Born January 2, 1926, in Detroit, Mich., MILDRED SUMMERVILLE left this earth, on her terms, Monday, March 23, 2020 at the young age of 94.
Raised by a rambunctious teenage mom, Mildred’s childhood left her with an insecurity of her fabulousness, that remained with her throughout her life, despite constant confirmation to the contrary from anyone she met.
A mom at 16 years of age, Mildred left high school early, with a work ethic that would serve her well professionally and personally.
In her late 20’s, having enough of racially segregated Arkansas, she moved to New York City where she made her home on the famous Strivers’ Row in Harlem. She worked for Ma Bell (known now as AT&T) as an international operator for more than 35 years. She would tell of connecting more than one of her favorite Hollywood stars with their long-distance calls. A bonafide movie addict, these calls would delight her.
She confounded friends in New York, keeping to her promise to leave the big city to retire to what she called, the sweetest place in the world, Sweet Home.
A voracious reader of murder and mystery novels, she would devour James Patterson and John Grisham novels as well as Hollywood bios, but only if they were filled with tales of affairs and fun times. Daily reading of the newspaper and People magazine was a must.
Just like her novels, she loved a good murder mystery, scheduling her day as she watched one detective show or movie after another. On Demand viewing was a godsend! The exception was game shows, which she excelled at. The classics–The Price is Right, Family Feud, Jeopardy and Wheel of Fortune were required viewing. An avid sports fan, she continued to root for the Atlanta Braves in spite of constant heartbreak.
Her love of movies began in her teens, when she would sit in the colored section of the Center Theatre in Little Rock, watching movies all day. If you needed a movie phone-a-friend with a wealth of cinematic knowledge, it was her. That love of film continued in New York, and back home, passing it to her great grandchildren, Stacy and Julianna Williams. She enjoyed frequenting movie theatre, treating them to every new children’s film debut.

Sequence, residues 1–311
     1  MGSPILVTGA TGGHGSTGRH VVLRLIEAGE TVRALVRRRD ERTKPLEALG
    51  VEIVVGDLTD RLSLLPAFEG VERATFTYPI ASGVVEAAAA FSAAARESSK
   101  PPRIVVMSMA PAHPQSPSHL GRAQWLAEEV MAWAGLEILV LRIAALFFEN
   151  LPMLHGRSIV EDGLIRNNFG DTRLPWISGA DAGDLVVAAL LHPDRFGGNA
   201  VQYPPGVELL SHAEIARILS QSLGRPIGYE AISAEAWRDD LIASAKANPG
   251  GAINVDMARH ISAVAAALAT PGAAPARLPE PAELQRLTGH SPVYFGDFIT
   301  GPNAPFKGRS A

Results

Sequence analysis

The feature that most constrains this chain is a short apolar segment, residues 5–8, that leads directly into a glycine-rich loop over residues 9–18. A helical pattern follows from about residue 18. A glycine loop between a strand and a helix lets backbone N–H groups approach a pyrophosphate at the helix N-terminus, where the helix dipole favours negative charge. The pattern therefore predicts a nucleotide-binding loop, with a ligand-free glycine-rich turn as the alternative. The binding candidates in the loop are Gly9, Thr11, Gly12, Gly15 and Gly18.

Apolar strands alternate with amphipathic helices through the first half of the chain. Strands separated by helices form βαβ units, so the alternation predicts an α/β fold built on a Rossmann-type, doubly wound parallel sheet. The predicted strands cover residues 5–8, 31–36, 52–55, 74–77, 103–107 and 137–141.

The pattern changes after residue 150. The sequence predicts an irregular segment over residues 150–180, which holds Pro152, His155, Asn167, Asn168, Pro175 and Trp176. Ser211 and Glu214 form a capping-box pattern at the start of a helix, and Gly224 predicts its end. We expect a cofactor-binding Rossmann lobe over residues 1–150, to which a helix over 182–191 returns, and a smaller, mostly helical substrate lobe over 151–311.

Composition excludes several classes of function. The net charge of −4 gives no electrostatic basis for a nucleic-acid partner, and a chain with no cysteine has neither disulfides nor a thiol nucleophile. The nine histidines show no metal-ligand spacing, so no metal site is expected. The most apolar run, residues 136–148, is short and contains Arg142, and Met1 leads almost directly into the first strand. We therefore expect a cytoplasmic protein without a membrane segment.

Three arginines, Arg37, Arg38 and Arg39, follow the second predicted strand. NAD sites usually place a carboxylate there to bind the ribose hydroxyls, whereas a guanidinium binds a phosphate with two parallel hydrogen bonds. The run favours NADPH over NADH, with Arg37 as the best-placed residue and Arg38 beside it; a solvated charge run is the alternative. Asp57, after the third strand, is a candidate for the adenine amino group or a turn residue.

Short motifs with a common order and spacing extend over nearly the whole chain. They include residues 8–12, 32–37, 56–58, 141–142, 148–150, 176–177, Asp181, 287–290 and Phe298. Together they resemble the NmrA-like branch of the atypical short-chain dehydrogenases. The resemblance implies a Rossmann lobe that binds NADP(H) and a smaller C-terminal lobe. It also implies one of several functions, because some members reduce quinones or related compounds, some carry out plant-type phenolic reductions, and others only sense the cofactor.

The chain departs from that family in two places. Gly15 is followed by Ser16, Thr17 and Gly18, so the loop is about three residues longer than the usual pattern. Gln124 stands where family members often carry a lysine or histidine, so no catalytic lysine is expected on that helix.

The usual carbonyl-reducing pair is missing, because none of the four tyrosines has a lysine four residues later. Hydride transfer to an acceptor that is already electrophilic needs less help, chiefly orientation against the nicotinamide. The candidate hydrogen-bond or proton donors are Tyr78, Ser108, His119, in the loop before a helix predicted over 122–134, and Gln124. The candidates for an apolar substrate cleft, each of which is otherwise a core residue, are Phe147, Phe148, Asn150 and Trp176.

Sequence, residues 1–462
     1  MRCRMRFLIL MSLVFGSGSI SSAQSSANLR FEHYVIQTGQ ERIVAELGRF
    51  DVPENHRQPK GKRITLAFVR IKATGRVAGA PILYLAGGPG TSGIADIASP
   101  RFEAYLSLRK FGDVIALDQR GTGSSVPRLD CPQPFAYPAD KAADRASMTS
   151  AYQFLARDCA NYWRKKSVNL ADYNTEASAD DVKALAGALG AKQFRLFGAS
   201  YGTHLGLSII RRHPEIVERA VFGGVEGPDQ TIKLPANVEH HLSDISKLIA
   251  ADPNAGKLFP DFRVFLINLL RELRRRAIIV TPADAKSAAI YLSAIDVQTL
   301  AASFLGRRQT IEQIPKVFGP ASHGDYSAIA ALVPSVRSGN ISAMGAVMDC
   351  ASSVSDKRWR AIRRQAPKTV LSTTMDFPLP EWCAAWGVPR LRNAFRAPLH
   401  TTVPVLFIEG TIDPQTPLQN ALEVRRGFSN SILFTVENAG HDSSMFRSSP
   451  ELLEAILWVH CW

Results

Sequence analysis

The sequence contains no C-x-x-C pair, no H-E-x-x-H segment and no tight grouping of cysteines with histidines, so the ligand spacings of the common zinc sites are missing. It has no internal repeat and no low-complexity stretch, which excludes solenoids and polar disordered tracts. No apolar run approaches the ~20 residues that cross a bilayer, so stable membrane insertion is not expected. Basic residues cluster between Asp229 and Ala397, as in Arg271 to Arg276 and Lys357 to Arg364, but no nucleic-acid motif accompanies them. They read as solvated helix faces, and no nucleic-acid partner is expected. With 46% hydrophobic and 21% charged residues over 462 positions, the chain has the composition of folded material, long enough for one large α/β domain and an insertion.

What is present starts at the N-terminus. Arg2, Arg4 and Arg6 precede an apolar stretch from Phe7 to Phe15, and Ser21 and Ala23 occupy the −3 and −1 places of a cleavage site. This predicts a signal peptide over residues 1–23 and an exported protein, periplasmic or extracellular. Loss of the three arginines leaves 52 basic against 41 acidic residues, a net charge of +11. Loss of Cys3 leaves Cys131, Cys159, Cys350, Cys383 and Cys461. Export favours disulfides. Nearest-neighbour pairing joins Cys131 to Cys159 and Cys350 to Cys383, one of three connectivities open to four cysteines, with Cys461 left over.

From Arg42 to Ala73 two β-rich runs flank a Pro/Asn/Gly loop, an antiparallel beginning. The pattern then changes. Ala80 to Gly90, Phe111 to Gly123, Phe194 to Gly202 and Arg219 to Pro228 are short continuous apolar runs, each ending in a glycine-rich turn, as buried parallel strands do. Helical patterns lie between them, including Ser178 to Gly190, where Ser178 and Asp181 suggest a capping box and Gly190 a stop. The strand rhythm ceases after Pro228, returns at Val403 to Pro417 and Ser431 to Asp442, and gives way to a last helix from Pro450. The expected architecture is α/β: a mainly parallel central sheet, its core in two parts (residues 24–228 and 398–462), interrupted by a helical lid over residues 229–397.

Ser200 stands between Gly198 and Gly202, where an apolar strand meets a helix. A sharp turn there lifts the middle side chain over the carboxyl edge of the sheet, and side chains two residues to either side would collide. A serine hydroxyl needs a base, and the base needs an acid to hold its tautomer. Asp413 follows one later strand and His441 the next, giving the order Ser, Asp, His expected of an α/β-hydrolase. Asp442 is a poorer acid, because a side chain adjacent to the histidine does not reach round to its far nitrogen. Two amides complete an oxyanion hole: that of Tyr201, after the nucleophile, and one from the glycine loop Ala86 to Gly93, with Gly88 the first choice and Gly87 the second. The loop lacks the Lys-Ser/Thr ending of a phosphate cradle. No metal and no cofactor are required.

Her passion for music permeates the family DNA. She and her friends partied at clubs on Little Rock’s Ninth Street during its heyday in the 40’s and 50’s. While, she was in New York most of grandchildren’s childhood, her visits to Little Rock to see family would be filled with Motown hits and music by vocalists Sarah Vaughan, Dinah Washington and other greats. Her granddaughters (Brigette Coleman Williams and Audrey Coleman) loved listening to music she played at home and during car rides. Years later, her great-grands, would sing along with her selections as they ran daily errands.
A loving, but not traditional grandmother, she took delight in any and everything Stacy and Julianna did, saying they were the smartest great-grandchildren ever!
It was Stacy as a three-year-old, who began calling her Grandma Candy, because of the big bowl of candy she always kept on her coffee table. The name was a hit, with family and friends utilizing her new title that she loved.
A constant learner, she loved nothing more than to travel. While she passed on her love of flying to Audrey and Stacy, Brigette and Julianna inherited her love of a road trip. On more than one occasion, she and her best friends would drive from New York to Little Rock or New York to California. One of her most fun rides, was a two-week adventure with her great-grands from Little Rock to Miami, with stops along the way and plenty of pictures.
A devoted friend, Mildred maintained childhood friendships of more than eight decades, as well as New York friends of more than 40 years as they retired to places around the country. With phone calls on special occasions, she continued to entertain friends with detailed hand-written letters providing them narratives of her activities, and of course her great-grands, who they had never met, but felt connected to.
For family and friends, she noted birthdays on her wall calendar, that would be updated at her kitchen table by Julianna at the end of each December as she double checked names, adding a few, and deleting friends no longer here. With happy anticipation, each looked forward to her raspy rendition of Happy Birthday with a big laugh to the delight of the recipient. Knowing she was ready for her final exit, she had gifts purchased in February for both granddaughters’ March birthdays, with an early serenade to a niece with a late March date.